Oddly enough, after all that, I slept as soundly in my tent last night as I ever have. You just have to deal with these things. But maybe I should not have balked at the $31USD I was quoted for a dormitory room at a hostel in town…

I’ll head to Punta Arenas from here, which is one of the biggest towns in the region, at around 120,000 people. It has a duty free area, so I’ll try and pick up a new camera there. Will probably give the GPS a miss, since the prices won’t be cheap.

Bike Touring

The hard way back to Argentina

I’m back in Argentina, after one of the more interesting border crossings I’ve done. I’ve crossed many, many borders now, and usually the fun and games come with the customs formalities. But this time customs on both sides were very quick, and the fun was the physical crossing.

The ferry leaves from about 8km out of town, so we (Susan, Martin and I) had a short ride to warm up. Early start for me these days, on the road by 7:45. Usually it’s been closer to 9 I’ve been getting away. Easy ride down to the ferry, where the bikes are loaded on. As we’re getting on, an old guy with crutches is being lifted onto the boat. Hmmm, is this crossing as hard as people make it out to be? Later turns out that he’s going to the estancia – he was probably one of the early people breaking in this land.

After everyone is aboard, another cyclist appears – he’s a Brazilian, who has been riding very long days for weeks, as he’s been short on time. Short on planning too, as he arrived at Villa O’Higgins on Wednesday, the day the last boat left. He also had no more Chilean money, so he had been camping for three days in a disused boat near the ferry. Despite being closest to the departure point, he is somehow late.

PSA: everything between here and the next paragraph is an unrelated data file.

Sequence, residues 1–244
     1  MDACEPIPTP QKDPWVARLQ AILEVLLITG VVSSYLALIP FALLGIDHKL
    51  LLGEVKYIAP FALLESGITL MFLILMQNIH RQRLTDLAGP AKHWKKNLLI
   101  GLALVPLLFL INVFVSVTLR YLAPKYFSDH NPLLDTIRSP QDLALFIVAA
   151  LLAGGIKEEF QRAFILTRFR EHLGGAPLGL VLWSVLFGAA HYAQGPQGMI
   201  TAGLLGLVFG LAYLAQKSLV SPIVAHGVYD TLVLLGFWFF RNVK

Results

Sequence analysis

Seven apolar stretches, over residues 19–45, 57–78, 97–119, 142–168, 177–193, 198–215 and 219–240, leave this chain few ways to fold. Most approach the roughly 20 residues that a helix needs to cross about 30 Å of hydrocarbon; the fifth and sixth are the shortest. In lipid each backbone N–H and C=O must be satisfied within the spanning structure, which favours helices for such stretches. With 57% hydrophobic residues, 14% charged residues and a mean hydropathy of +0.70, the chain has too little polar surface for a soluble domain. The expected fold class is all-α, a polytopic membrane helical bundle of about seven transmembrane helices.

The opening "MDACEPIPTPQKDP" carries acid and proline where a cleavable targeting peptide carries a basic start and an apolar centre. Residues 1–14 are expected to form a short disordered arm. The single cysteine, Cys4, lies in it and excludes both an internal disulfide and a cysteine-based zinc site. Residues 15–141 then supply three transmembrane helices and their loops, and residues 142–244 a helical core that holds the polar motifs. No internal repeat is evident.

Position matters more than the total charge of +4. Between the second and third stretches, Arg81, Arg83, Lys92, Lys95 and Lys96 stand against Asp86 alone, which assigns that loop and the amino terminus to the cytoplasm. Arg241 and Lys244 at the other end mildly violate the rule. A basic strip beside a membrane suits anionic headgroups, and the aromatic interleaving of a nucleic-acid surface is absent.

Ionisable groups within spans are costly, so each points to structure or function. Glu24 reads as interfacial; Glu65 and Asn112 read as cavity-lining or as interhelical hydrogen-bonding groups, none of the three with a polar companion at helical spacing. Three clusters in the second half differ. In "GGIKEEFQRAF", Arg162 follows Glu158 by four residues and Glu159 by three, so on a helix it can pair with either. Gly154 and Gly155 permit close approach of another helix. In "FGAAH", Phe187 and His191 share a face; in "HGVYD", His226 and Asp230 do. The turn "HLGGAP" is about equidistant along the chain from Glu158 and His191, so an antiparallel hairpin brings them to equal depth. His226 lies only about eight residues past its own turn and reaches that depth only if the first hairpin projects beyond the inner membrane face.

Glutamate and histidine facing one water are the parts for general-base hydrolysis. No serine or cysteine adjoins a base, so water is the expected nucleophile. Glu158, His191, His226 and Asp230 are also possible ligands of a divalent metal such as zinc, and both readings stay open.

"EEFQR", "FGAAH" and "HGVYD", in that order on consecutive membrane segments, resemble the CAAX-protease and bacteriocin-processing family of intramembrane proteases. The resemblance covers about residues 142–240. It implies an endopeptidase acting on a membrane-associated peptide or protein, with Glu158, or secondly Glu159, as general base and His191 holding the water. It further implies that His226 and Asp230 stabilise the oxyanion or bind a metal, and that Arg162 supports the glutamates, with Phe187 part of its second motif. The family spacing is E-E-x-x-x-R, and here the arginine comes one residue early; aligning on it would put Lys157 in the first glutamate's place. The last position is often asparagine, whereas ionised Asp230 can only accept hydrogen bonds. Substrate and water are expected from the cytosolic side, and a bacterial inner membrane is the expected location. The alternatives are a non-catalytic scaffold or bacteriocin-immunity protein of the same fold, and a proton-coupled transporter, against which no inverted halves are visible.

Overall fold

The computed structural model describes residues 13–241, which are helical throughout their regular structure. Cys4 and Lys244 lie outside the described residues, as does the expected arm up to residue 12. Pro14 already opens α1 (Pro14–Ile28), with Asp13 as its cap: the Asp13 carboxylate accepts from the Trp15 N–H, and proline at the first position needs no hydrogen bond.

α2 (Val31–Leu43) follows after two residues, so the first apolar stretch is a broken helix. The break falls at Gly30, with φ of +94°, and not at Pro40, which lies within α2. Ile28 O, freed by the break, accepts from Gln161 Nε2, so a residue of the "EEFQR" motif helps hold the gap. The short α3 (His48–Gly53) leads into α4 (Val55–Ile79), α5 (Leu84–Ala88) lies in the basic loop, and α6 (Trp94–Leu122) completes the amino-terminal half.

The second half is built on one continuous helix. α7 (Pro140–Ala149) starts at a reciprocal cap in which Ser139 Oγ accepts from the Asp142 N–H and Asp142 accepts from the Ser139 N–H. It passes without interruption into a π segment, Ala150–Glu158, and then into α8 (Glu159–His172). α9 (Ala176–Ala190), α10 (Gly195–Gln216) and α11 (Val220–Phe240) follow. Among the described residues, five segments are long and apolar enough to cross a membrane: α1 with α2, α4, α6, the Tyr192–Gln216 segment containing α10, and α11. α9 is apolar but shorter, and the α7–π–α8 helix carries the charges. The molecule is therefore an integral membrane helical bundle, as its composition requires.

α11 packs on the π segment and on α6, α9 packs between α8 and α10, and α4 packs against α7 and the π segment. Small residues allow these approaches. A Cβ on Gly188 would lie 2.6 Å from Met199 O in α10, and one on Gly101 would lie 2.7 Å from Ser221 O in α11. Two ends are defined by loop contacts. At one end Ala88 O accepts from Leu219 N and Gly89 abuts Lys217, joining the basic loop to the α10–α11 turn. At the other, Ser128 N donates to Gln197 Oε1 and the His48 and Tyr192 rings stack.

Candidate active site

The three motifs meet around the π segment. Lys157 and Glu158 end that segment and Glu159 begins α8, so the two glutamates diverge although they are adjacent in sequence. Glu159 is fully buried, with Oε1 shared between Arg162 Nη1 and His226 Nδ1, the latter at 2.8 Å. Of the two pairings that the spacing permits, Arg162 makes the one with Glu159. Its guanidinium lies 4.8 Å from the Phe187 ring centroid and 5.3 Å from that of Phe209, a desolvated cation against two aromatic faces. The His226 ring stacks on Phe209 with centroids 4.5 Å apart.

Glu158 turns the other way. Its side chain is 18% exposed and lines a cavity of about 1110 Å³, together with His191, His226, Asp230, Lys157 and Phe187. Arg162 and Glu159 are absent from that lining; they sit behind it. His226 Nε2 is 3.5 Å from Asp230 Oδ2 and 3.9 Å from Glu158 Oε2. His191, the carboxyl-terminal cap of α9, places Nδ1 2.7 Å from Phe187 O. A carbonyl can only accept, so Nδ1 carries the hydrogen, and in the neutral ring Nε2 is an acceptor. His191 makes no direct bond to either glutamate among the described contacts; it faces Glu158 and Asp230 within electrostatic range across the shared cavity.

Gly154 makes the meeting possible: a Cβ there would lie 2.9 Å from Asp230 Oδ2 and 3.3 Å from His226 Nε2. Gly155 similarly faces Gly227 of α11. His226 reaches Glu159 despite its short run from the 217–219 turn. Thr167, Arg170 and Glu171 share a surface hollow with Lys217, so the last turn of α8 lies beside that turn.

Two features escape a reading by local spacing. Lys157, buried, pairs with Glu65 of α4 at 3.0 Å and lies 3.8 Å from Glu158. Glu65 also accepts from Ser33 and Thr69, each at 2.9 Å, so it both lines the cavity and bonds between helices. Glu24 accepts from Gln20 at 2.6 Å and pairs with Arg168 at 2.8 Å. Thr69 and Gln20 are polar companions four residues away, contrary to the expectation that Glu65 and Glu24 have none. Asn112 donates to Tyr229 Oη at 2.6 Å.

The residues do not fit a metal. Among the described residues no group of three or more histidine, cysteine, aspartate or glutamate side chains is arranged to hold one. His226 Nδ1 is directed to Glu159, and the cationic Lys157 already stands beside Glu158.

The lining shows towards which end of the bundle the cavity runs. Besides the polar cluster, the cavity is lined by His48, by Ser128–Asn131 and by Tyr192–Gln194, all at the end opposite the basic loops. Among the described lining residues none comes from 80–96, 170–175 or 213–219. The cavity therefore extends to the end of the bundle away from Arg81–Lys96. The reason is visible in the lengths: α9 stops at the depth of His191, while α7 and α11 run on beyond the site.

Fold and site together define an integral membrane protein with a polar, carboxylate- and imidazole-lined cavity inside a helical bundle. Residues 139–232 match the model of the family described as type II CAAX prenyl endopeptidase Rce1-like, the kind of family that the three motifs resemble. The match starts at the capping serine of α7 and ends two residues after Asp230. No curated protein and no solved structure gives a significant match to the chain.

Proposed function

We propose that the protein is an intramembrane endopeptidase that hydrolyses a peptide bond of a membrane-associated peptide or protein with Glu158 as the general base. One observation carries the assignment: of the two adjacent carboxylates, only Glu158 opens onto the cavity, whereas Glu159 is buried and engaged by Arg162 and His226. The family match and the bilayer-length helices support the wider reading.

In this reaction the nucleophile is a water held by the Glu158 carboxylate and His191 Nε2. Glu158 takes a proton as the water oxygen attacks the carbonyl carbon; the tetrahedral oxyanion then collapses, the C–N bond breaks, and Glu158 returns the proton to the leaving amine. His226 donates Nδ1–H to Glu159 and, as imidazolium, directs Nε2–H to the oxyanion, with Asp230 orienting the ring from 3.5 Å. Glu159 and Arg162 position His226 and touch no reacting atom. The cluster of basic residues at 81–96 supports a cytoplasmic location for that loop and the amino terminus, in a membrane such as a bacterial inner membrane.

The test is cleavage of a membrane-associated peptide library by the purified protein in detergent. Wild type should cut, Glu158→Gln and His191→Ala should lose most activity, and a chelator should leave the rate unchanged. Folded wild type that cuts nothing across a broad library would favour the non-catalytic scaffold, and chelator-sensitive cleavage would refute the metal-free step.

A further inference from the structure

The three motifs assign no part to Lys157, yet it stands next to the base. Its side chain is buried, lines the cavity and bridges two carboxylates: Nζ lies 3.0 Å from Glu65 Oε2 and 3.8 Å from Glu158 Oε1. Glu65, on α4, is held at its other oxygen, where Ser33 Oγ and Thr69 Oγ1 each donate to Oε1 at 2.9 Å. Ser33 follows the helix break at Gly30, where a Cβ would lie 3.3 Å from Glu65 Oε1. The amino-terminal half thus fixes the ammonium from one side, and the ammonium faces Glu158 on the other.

The ferry is straightforward enough – strong winds, but mostly behind us. On the way down the long narrow arm of the lake, we stop to drop supplies at one place, and drop a passenger (and his 3 dogs, who had crapped on the deck) at another. These are extraordinarily isolated spots – little regular transport in summer, none in winter. Guess they like their own company.

At the other side of Lago O’Higgins, we stop for lunch, before completing border formalities, and starting the trek. The Chilean side starts out very steep, but it’s dry, and the 4WD track is mostly rideable. A bit of pushing, but things are going OK. At the top, the track levels out, for some good riding. At one point, the road is diverted through a runway. The only time I’ve ridden on a runway before was on the emergency landing strips on the Stuart Highway. Strange runway to have in an isolated place, complete with fence and all – must have been military. Can’t see what Argentina would want to invade for. We meet a couple of cyclists coming down. They said it was tough, but OK. They don’t look too much the worse for wear.

We reach the actual border around 3pm, and so far we’re all OK. We could have camped right there, but figure we should make a start on the Argentine side. As we find out though, once you start, you can’t stop – you have to push on. It started to rain at this point, and the 4WD track became an ugly horse track.